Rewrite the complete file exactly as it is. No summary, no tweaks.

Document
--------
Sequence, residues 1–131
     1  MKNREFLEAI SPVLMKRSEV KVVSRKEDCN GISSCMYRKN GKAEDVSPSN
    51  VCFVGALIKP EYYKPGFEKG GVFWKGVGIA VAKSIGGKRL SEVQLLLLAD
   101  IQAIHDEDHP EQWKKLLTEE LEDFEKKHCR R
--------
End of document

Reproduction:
Sequence, residues 1–131
     1  MKNREFLEAI SPVLMKRSEV KVVSRKEDCN GISSCMYRKN GKAEDVSPSN
    51  VCFVGALIKP EYYKPGFEKG GVFWKGVGIA VAKSIGGKRL SEVQLLLLAD
   101  IQAIHDEDHP EQWKKLLTEE LEDFEKKHCR R